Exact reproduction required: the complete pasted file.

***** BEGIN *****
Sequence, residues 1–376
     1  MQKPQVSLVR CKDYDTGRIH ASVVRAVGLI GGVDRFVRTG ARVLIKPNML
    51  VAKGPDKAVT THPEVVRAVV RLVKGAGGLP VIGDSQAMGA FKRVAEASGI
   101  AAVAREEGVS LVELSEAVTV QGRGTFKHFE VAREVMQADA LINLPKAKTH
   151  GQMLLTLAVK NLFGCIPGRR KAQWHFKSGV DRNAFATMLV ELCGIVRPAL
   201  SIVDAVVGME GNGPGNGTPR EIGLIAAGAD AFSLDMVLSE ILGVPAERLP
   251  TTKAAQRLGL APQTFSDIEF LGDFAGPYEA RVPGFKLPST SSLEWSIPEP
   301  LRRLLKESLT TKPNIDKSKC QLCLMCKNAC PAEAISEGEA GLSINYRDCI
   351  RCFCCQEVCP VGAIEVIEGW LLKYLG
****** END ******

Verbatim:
Sequence, residues 1–376
     1  MQKPQVSLVR CKDYDTGRIH ASVVRAVGLI GGVDRFVRTG ARVLIKPNML
    51  VAKGPDKAVT THPEVVRAVV RLVKGAGGLP VIGDSQAMGA FKRVAEASGI
   101  AAVAREEGVS LVELSEAVTV QGRGTFKHFE VAREVMQADA LINLPKAKTH
   151  GQMLLTLAVK NLFGCIPGRR KAQWHFKSGV DRNAFATMLV ELCGIVRPAL
   201  SIVDAVVGME GNGPGNGTPR EIGLIAAGAD AFSLDMVLSE ILGVPAERLP
   251  TTKAAQRLGL APQTFSDIEF LGDFAGPYEA RVPGFKLPST SSLEWSIPEP
   301  LRRLLKESLT TKPNIDKSKC QLCLMCKNAC PAEAISEGEA GLSINYRDCI
   351  RCFCCQEVCP VGAIEVIEGW LLKYLG